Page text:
Friday, 15 April 2016
Inside Llewyn Davis (4 Stars)
A man, a guitar, a cat, nowhere to live. Actually it's two cats. Maybe three. Llewyn Davis catches his friend's cat after it runs away when he opens the door. He brings it back, but when he gives it back to his friends they say it's the wrong cat, so he adopts it. He carries the cat with him when he hitch-hikes from New York to Chicago, but he abandons the cat half way. When he's driving back to New York he runs over a cat. It looks like the cat he abandoned, but that would be too much of a coincidence, wouldn't it?
Llewyn Davis is an unsuccessful folk singer in New York in 1961. His songs are quite good, but he doesn't have much of a stage presence and earns badly. He engages in couchsurfing. That's a word that I only learnt after watching this film. It refers to someone who has nowhere to live, so he does a round of his friends, sleeping on their couch for a few days, then moving to the next friend as soon as they get tired of him. It's a good way to live if you're a poor musician in an expensive city.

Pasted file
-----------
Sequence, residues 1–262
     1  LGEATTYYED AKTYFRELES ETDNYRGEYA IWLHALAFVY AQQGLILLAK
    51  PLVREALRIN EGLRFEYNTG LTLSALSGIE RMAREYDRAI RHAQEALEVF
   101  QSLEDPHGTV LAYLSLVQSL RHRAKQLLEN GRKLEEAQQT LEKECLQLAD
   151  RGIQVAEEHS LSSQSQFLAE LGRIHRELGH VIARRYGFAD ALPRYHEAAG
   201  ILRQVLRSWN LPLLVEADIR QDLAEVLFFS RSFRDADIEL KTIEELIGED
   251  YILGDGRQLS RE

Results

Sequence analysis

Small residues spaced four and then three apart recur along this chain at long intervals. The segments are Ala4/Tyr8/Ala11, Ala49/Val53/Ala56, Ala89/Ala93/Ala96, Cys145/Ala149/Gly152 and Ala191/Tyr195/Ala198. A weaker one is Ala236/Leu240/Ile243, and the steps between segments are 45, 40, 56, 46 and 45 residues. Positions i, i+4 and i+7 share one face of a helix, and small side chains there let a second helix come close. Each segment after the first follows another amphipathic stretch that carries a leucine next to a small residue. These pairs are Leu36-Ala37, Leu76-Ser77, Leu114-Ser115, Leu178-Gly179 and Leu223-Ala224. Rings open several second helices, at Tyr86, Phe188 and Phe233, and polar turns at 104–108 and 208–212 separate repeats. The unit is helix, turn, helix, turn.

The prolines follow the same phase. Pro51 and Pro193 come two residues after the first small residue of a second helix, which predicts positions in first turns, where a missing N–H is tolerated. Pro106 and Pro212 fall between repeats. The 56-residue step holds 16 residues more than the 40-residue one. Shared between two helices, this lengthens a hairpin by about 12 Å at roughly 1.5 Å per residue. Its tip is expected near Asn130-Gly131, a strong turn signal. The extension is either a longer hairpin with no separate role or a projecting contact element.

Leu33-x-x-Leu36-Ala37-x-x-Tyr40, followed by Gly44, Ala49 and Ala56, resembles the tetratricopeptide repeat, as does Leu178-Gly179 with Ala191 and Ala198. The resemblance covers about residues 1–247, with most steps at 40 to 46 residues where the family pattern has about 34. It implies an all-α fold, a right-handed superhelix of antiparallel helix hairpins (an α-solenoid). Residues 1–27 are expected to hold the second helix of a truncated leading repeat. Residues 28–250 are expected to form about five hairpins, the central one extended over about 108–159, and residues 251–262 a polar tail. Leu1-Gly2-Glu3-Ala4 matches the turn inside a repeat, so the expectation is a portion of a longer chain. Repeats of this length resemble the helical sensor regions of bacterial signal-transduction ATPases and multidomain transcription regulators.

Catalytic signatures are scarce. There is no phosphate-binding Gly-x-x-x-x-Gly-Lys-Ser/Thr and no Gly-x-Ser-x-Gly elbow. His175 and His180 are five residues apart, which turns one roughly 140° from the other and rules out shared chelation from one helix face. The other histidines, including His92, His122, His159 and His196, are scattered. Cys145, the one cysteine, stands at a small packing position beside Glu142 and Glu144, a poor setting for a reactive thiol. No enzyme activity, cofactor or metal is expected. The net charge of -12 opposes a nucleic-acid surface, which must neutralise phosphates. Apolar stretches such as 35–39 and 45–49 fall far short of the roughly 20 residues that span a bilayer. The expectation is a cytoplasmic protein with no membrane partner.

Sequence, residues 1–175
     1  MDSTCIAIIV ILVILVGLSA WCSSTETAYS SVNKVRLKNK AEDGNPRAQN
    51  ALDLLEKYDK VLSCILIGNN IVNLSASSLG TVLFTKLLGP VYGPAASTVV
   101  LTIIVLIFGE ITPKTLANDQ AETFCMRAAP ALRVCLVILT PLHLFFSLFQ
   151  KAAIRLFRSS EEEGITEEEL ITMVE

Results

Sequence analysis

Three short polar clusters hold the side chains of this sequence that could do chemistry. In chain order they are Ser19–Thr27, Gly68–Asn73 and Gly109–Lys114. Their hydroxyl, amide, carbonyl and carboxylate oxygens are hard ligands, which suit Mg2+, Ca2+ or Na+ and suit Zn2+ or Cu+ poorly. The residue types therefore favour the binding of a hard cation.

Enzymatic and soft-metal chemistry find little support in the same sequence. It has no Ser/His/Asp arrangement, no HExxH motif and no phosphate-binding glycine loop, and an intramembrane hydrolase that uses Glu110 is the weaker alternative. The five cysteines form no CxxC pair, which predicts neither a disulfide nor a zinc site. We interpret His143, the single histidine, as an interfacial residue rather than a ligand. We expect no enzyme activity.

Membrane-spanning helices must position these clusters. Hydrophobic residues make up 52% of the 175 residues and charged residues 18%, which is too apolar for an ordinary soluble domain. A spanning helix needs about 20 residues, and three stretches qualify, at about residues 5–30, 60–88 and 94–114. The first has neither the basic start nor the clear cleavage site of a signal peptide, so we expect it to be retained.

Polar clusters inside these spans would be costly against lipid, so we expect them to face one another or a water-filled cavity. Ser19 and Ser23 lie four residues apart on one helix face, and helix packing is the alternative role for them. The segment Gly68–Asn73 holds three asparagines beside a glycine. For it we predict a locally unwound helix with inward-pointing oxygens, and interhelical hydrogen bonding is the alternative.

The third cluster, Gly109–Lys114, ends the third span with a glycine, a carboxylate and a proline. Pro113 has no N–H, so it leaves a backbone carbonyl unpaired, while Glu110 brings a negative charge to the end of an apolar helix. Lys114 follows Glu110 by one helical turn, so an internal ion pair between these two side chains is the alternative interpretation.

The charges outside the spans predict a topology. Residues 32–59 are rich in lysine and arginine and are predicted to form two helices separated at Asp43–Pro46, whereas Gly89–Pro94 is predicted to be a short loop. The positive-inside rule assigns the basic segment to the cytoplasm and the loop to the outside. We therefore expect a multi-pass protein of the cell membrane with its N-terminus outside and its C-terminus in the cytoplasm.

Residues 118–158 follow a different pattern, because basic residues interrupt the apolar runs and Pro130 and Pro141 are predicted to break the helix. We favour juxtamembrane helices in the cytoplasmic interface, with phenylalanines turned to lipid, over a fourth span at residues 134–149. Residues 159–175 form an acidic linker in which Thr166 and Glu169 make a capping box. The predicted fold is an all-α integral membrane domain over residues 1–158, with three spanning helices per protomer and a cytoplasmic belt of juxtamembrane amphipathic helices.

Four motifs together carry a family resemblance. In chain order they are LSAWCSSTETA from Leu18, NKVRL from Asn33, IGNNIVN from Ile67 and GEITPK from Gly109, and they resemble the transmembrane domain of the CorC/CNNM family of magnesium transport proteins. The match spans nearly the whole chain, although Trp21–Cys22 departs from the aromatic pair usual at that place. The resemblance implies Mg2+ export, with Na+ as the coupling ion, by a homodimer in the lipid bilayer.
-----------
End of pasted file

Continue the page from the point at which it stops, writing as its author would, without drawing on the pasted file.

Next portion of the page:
I don't like folk music much, but I enjoy the feeling of the folk era in New York City (mostly Greenwich Village) in the 1960's. It was a time of rebellion. The young were protesting against the old, and especially against being forced to fight in the Vietnam War. Young people sat in dingy cafes and hung on every word from the mouths of the new breed of folk singers. I might have been sitting with them if I'd been alive in that era. After all, the rock music that I love so much didn't exist then, it only emerged in the early 1970's.
I don't know if this film has a message. Probably not. But it's enjoyable as a snapshot of the folk music scene in 1961.